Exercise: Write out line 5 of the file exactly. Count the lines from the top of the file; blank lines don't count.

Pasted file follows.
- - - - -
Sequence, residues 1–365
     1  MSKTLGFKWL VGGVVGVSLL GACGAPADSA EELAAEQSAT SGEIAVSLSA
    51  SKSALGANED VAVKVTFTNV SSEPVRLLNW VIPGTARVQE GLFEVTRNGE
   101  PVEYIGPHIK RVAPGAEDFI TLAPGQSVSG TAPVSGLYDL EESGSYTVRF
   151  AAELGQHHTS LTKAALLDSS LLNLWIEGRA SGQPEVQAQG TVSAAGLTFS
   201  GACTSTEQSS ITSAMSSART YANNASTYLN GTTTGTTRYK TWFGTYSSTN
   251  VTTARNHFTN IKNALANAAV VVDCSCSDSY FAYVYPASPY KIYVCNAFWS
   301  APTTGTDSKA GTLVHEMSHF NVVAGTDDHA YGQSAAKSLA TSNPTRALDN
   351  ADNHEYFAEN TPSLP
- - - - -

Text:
   151  AAELGQHHTS LTKAALLDSS LLNLWIEGRA SGQPEVQAQG TVSAAGLTFS